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Philippines mulls next move as Chinese 'fishing fleet' lingers in nearby waters

Chinese vessels moored at Whitsun or Julian Felipe reef remain in the Philippines’ territorial waters, according to Manila’s military Tuesday. Photo by Philippine Coast Guard-National Task Force West Philippine Sea /EPA-EFE
Chinese vessels moored at Whitsun or Julian Felipe reef remain in the Philippines’ territorial waters, according to Manila’s military Tuesday. Photo by Philippine Coast Guard-National Task Force West Philippine Sea /EPA-EFE

March 23 (UPI) -- The Philippines has not decided on its next move as a large fleet of Chinese vessels loiter in the West Philippine Sea.

The Philippines' Department of Foreign Affairs said Tuesday in statement that Manila seeks the departure of dozens of "unauthorized" Chinese fishing vessels near Julian Felipe reef, days after Foreign Affairs Secretary Teodoro Locsin Jr. said he had filed a diplomatic protest over the deployment.

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"The Philippines demands that China promptly withdraw its fishing vessels and maritime assets in the vicinity and adjacent waters," the foreign affairs department said.

"China's continuing infringements ... notwithstanding the persistent and resolute protests of the government of the Republic of the Philippines, are contrary to China's commitments under international law and the ASEAN-China Declaration on the Conduct of Parties in the South China Sea."

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The declaration, a non-binding agreement signed 2002, has guided China and Southeast Asia on a code of conduct in the high seas.

But Beijing's policies in more recent years, including a territorial claim to more than 90% of the South China Sea and militarization of disputed islands have elevated tensions with neighbors and the United States.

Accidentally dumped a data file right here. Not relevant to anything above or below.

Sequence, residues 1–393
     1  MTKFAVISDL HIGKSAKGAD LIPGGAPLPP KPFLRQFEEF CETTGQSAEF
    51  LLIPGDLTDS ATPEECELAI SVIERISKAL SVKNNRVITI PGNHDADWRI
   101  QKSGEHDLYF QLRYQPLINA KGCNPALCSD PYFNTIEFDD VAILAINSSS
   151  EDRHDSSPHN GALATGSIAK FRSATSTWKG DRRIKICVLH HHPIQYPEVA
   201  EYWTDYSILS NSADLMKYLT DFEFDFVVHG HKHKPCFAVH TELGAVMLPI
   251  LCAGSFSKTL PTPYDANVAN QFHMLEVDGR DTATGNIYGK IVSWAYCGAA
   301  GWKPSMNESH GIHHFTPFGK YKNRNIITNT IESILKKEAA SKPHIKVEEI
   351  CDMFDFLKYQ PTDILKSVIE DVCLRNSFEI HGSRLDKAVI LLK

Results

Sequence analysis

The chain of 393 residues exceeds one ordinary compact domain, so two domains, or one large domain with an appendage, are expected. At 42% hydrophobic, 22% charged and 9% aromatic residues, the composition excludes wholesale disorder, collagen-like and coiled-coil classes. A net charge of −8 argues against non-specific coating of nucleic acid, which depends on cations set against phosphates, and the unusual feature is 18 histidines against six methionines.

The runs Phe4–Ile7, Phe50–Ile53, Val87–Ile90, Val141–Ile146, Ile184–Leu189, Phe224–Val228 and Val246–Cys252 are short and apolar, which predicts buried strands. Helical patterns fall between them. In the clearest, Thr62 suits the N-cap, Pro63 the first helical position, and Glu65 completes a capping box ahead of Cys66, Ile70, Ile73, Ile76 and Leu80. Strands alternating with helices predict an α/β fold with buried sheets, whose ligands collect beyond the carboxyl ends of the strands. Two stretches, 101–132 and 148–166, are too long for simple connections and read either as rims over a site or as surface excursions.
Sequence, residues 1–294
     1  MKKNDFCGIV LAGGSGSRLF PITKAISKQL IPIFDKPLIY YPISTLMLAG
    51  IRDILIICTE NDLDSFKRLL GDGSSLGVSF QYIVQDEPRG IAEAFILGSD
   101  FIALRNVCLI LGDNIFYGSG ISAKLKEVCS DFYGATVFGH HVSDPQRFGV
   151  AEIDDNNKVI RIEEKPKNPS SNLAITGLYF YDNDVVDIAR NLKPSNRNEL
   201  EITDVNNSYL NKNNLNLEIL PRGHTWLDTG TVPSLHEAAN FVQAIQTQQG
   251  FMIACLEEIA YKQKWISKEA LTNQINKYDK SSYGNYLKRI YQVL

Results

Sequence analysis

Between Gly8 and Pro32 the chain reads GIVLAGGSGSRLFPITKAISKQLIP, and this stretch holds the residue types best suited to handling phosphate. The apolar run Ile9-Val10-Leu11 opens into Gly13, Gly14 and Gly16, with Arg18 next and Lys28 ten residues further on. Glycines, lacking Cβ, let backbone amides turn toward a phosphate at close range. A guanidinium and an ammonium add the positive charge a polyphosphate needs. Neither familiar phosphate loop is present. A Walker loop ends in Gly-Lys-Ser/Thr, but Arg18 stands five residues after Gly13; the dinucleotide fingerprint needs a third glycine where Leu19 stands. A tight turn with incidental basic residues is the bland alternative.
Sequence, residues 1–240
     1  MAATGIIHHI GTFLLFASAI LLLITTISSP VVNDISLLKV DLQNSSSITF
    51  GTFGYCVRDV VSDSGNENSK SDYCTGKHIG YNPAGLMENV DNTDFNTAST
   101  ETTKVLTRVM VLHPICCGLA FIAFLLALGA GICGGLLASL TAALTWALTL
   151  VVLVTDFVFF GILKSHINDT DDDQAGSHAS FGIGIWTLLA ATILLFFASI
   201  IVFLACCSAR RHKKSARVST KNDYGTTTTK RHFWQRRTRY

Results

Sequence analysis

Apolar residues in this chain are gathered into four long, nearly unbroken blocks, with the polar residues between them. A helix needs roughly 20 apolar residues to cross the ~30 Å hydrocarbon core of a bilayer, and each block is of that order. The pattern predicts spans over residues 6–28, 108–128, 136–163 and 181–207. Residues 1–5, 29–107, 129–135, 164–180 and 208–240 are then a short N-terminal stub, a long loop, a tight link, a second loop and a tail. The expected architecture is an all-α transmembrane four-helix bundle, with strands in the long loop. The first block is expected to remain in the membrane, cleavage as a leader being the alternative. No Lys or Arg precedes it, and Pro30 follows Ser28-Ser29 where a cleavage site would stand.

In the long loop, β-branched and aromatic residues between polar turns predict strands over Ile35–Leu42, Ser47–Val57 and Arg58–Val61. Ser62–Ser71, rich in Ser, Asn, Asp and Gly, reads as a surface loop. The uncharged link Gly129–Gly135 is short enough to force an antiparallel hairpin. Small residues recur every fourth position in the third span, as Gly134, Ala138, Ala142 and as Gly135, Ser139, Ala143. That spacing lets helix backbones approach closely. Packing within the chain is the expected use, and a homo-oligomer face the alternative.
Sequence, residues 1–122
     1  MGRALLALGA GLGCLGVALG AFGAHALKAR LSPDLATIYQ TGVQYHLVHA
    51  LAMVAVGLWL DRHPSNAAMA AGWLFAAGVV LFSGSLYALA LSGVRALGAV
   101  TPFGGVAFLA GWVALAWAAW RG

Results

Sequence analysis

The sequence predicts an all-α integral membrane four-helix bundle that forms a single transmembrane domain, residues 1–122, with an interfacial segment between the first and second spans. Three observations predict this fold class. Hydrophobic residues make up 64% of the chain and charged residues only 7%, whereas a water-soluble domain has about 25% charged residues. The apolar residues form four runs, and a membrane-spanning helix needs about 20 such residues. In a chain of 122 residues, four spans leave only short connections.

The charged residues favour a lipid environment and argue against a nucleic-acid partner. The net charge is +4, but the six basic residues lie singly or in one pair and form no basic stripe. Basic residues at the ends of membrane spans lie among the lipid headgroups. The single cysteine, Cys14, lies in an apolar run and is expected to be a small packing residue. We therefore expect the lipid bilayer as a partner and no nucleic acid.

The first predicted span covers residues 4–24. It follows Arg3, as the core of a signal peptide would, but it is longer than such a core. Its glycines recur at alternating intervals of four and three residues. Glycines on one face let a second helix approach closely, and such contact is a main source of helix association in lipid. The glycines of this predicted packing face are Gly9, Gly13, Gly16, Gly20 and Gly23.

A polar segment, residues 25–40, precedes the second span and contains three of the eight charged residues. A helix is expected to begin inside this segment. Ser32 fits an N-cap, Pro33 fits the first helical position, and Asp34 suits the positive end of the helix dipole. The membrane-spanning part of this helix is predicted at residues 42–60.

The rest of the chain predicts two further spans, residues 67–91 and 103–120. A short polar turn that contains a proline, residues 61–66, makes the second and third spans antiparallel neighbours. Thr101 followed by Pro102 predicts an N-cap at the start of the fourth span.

China on Sunday had reportedly stationed 220 vessels in the disputed area. By Tuesday, some of the ships had left, leaving 183 there, according to Philippine news service Rappler.

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The Armed Forces of the Philippines said it is "still assessing the situation."

"Our mandate is to secure our territory so we really oppose any act of incursion in our territorial waters, including our exclusive economic zone," armed forces Chief of Staff Lt. Gen. Cirilito Sobejana, according to Rappler.

"But on the other hand, the [National Task Force on the West Philippine Sea] takes into consideration other means. So we will jointly assess and decide what is the best course of action to take for the area."

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The armed forces said Tuesday that the Chinese ships are likely operating under Beijing's maritime militia.

The U.S. Embassy in Manila has raised concerns, according to reports.

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